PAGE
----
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Tajikistan: Promoting Health Responsibility by Bicycle
Khurshed Khojaev providing medical counseling and care
For Khurshed Khojaev, a 48-year-old healthcare worker respectfully called Doctor Khojaev by the community, his bicycle is his vehicle of necessity. It helps him reach the communities he is trying to persuade to take more responsibility for their own health.
Another vehicle he uses to achieve that goal: the Healthy Mother, Healthy Baby (HMHB) activity. “I used to believe that only highly qualified maternal health experts could provide guidance on medical support,” said Khojaev, who works in the Mamurobod village of Jayhun District, Tajikistan. “After attending several Healthy Mother Healthy Baby training sessions, I felt empowered to supervise and raise the awareness of young mothers and caregivers to ensure adequate care and overall wellbeing of mothers and children in my district.”
Khojaev rides his bicycle to his own and a neighboring village to provide health services: timely counseling, referrals to health services, and first aid. Over the years, he has become not just a healthcare worker for the communities, but also a part of their families.
In 2021, Khojaev started to collaborate with the U.S. Agency for International Development’s (USAID) HMHB activity. One of its main objectives is to strengthen the bond between healthcare workers and the community by showing community members how to take better care of their families’ health. In the first year of collaborating with HMHB, Khojaev received training as a facilitator to apply basic methods and skills of community mobilization, collaboration, creative problem solving, and planning skills. Working in villages presents challenges, however: women and children know little about how to maintain their health.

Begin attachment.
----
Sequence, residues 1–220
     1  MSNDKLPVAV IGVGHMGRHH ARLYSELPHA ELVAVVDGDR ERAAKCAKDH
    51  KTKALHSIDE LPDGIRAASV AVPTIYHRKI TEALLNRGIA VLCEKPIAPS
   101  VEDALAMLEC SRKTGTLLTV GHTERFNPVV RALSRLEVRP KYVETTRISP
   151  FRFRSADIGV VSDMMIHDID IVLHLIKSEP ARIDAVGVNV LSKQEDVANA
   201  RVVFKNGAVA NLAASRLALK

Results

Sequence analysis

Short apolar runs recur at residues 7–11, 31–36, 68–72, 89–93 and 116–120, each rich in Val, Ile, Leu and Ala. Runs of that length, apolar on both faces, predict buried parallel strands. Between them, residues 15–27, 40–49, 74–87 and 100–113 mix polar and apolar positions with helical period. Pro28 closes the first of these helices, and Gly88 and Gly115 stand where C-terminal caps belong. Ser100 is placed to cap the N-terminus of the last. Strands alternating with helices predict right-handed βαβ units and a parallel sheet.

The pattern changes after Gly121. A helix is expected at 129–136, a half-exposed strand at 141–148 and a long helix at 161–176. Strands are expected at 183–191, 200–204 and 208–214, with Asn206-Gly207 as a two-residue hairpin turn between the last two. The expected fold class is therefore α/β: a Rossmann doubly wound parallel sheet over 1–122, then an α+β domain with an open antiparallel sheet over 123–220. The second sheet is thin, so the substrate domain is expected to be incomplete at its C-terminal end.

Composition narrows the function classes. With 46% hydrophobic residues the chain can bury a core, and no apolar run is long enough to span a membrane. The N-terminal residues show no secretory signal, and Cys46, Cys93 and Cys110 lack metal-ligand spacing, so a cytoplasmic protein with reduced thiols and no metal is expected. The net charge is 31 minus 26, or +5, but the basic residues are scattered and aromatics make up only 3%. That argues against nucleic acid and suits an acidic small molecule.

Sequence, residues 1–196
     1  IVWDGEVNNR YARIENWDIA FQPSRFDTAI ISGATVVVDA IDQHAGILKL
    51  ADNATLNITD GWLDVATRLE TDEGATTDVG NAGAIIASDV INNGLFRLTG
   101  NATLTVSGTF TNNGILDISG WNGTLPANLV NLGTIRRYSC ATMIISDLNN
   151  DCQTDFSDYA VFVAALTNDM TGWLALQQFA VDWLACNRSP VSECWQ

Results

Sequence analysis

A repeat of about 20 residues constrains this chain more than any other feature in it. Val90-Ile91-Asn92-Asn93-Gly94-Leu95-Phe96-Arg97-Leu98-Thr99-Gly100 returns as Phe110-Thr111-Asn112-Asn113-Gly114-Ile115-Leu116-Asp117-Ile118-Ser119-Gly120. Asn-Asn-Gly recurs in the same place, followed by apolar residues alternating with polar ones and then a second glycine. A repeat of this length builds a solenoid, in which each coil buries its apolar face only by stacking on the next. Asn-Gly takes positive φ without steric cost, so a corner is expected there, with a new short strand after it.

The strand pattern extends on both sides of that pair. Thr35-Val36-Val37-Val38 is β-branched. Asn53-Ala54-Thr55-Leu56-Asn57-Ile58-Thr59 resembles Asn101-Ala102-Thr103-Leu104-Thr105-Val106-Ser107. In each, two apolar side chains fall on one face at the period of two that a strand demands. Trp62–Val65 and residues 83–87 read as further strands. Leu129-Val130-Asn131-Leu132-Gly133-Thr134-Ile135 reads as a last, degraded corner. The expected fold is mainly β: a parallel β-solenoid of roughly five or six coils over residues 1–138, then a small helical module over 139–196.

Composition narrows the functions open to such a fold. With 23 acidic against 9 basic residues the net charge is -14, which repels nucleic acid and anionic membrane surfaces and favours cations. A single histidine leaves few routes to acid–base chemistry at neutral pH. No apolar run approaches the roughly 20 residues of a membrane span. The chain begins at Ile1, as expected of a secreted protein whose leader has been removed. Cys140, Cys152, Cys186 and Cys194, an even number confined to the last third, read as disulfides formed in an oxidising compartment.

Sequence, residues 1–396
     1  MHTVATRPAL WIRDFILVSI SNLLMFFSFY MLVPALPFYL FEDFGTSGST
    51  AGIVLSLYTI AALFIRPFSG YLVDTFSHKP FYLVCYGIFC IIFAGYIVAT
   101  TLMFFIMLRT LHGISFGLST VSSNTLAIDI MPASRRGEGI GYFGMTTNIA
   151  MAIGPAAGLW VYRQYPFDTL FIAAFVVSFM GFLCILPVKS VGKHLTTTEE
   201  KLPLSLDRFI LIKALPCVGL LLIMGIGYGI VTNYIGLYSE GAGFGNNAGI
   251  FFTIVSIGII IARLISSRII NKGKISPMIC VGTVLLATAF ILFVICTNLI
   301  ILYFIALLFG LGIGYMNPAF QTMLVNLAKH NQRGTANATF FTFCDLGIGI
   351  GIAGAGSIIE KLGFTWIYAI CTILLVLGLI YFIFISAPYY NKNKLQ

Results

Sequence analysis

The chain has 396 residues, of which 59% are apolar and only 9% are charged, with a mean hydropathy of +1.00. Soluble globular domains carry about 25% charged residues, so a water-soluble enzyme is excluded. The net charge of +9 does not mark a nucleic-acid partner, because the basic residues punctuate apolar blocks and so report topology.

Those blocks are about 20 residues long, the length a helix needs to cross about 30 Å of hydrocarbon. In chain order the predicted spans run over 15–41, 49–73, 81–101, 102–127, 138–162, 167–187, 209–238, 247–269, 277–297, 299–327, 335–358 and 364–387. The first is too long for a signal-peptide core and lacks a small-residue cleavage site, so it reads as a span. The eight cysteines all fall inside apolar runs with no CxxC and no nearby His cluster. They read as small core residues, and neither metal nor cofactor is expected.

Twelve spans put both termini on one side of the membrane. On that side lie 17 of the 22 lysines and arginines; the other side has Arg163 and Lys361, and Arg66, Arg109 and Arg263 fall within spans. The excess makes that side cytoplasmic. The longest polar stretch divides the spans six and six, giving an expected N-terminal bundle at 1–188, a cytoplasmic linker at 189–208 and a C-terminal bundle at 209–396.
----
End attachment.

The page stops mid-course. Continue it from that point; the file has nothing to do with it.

When Khojaev started working with HMHB, he realized that despite his medical background, his efforts as a healthcare worker were limited. He participated on the Community Health Team, a community-level approach to applying knowledge, experience, and social behavior change methods to improve maternal and child health and nutrition. As a result, he began to understand the value of individuals taking responsibility for their own health improvement. Khojaev is convinced that a healthy lifestyle, proper nutrition, and timely medical care are the keys to maintaining health.
Khurshed Khojaev’s daily patient visits
On his bicycle, he heads out to change the way his community thinks and behaves about their health. One person he helped was Hanifa Nazarova, who didn’t know why her two-year-old grandson was feeling weak. She was a beneficiary of what Khojaev learned from the HMHB activity. Before his involvement with the activity, he said, he “underestimated the importance of behavior change of parents and families.” But when Nazarova came to him, she recalls, “Dr. Khurshed told me that my child has the symptoms of anemia and should eat healthy and nutritious food.”
“Today, I help raise awareness and knowledge about adequate maternal and child health and nutrition and am convinced that it is even more important than treating illnesses,” said Khojaev. And he is helping others duplicate what he does. Through the activity, Khojaev has taught 67 facilitators in Jayhun district. Now all of them can apply new standards and approaches using global best practices and encourage communities to take ownership for their health.
Reproductive, Maternal, Newborn and Child Health in South & Central Asia